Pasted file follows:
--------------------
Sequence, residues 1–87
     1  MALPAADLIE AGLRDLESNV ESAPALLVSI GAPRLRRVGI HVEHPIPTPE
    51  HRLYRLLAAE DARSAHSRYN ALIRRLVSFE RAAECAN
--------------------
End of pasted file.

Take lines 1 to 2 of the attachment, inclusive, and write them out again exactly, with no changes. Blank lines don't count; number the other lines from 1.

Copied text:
Sequence, residues 1–87
     1  MALPAADLIE AGLRDLESNV ESAPALLVSI GAPRLRRVGI HVEHPIPTPE